Your Neighbor: Meet Casey Combs
Published 12:00 am Thursday, November 7, 2019
By Mandy Haggerson
For the Clemmons Courier
Casey Combs spent her childhood in Hickory. “It was a small town and everybody knew everybody,” reflects Combs. As the middle child of three, Combs attended a small private school. She also learned from an early age how much she enjoyed soccer and didn’t mind the work that came with it. “There was only one club team and it was all boys, but I still wanted to try out and play on it,” recalls Combs. The only female on the team, Combs earned her spot and enjoyed honing her skills.
Although Combs enjoyed her soccer weekends and school friends, the family made a move to benefit their education. Combs’ parents wanted to find a school that they believed would help with the growing rigors of getting their children into college. Thus once Combs was in high school, they moved to Clemmons to attend Forsyth Country Day School. “I was mad to leave my friends, of course, but once we got there I really enjoyed it.”
Part of Combs’ enjoyable experience included running cross-country and continuing her soccer career. Combs and her teammates won two state titles under the tutelage of Coach Chris Turner. “I loved how he pushed us to set goals and meet them. He had high expectations for us,” remembers Combs who played both midfield and sweeper positions.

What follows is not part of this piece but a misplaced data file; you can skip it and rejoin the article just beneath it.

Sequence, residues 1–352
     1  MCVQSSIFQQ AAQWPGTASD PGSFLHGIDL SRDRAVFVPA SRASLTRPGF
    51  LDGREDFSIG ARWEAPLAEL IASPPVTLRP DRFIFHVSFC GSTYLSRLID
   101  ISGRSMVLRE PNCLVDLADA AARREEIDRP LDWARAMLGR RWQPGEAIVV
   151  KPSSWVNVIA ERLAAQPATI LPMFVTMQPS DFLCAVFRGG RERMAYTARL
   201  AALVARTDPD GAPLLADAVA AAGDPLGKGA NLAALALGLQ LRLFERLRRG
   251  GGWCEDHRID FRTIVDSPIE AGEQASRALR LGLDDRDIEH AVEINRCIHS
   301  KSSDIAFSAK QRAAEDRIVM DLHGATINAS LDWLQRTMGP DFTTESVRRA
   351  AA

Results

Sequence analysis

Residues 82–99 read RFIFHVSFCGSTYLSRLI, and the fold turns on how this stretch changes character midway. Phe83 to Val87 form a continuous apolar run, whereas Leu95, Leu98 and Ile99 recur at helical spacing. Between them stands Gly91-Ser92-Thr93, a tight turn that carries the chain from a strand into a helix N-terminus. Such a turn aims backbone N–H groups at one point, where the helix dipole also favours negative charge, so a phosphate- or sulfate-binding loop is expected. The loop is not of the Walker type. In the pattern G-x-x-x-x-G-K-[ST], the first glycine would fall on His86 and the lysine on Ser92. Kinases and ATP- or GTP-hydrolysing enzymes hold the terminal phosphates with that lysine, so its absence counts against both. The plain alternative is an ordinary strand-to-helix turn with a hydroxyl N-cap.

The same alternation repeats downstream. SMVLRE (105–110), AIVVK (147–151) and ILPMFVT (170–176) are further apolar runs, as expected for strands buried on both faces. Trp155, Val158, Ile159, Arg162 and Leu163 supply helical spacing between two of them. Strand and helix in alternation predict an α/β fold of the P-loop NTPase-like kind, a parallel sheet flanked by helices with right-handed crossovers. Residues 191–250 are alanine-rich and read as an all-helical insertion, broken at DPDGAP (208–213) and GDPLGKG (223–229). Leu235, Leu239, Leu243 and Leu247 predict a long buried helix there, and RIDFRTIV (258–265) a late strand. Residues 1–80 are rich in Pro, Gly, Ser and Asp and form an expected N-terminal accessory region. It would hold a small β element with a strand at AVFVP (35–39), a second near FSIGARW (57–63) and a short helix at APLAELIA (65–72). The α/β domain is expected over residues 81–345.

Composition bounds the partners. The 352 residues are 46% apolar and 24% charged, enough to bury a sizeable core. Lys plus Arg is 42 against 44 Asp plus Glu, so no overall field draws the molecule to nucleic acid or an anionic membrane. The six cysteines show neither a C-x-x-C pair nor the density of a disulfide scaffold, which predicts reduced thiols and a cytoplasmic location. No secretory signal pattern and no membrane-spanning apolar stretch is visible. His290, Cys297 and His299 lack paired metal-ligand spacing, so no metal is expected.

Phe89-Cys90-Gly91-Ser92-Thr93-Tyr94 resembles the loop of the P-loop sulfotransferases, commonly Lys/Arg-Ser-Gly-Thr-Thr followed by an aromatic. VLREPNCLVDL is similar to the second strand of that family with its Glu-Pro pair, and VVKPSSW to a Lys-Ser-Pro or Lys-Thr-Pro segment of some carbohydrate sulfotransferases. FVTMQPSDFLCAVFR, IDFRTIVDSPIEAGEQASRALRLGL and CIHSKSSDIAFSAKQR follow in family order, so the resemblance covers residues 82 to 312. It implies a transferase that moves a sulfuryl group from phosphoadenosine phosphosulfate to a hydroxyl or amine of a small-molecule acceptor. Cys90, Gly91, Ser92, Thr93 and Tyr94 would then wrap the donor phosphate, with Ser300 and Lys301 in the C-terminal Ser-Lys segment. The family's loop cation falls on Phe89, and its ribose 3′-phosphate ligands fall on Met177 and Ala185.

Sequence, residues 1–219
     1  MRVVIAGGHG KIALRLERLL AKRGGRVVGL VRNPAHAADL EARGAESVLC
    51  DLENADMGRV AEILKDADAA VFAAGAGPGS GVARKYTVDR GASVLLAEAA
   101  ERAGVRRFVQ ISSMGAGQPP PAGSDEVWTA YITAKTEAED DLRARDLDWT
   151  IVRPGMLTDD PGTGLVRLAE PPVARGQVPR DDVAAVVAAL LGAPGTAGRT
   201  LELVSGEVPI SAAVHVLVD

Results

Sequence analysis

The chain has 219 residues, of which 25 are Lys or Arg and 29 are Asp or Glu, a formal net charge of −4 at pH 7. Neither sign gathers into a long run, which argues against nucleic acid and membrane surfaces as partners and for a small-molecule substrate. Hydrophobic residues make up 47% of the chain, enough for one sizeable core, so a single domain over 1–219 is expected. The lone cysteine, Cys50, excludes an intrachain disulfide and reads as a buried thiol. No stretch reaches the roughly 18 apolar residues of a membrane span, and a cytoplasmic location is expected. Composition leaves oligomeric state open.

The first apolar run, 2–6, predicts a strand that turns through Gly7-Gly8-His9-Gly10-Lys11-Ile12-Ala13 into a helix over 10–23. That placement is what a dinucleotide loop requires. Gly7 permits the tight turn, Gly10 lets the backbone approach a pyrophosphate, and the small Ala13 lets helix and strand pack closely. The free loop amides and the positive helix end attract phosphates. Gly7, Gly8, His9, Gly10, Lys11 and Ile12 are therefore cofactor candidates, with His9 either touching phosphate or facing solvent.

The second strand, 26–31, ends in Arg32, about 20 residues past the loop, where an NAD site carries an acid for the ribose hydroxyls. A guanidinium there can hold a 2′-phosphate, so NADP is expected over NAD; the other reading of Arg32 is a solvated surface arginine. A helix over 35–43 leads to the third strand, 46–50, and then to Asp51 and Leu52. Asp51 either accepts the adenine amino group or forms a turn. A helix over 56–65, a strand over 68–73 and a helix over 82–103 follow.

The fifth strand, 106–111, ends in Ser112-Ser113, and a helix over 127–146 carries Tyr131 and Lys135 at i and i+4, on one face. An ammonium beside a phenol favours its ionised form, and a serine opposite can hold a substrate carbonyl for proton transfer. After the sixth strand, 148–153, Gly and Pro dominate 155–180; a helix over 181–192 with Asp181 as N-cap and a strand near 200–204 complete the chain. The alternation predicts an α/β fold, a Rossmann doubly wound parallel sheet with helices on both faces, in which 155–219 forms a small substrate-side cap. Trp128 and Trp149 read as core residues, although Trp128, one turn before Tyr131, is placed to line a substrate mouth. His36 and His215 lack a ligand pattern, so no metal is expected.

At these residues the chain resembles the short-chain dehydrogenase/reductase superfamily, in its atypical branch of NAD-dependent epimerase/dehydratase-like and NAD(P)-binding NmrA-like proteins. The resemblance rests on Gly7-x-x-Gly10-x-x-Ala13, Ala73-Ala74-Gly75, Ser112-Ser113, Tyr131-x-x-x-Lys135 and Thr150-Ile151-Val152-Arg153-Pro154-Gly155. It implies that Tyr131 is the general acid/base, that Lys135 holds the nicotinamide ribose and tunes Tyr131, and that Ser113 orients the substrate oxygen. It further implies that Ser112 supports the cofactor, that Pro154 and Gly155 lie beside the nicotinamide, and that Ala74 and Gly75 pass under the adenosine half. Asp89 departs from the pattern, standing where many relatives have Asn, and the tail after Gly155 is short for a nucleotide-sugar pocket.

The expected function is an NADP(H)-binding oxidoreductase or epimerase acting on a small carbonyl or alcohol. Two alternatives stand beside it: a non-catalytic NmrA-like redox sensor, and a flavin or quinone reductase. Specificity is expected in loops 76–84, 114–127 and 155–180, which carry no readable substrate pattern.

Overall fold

After successful years in sports and academic, Combs headed to the University of North Carolina at Chapel Hill to study psychology. “I loved the campus the moment I toured it and knew it was the place for me. I also knew I wanted to be a counselor,” recalls Combs. Combs stayed the course, and received a bachelor of arts degree in psychology. Also, during her college years, she reconnected with a former friend from Hickory. “I had come home from school and I remember Michael Combs who I had known but not seen in many years came to my door. He had been dared for $1 to ring my doorbell to see what I looked like,” laughs Combs. “Afterwards, he reached out to me on Instant Messenger which was popular back then. I wasn’t convinced I should go on a date with him because I thought he was cocky. But, my friend said I should give it a shot, so I did.”
Casey enjoyed reconnecting with Michael and also applied for graduate school at Appalachian State University to get her master’s in marriage and family therapy. After she completed her program, they both decided to head back to Clemmons. Casey found a position at Family Services Child Development as part of the Winston-Salem Forsyth School Readiness Project. “I work with Head Start teachers to learn and implement strategies in the classroom to enhance students’ social and emotional skills,” explains Combs. “I love how resilient kids are. They are so appreciative of the time you spend with them, even if it’s just doing a puzzle.” Combs also provides individual and family counseling to students and parents at Head Start.
Casey can appreciate her professional hat from the perspective of a parent as well. She and Michael had their first daughter, Pippa, one year after they were married. Their second daughter, Parker, was born just a few years afterwards. Like many parents, the Combs’ weekends consist of lots of activities for their kids. They help coach their soccer teams, and instilling many of the same lessons and disciplines they learned when they were their age.
Our neighbor has never shied away from hard work, but always enjoyed it most when working together as a team towards a common goal. As a revered former soccer player, Pele once said, “Success is no accident. It is hard work, perseverance, learning, studying, sacrifice, and most of all, love what you are doing or learning to do.”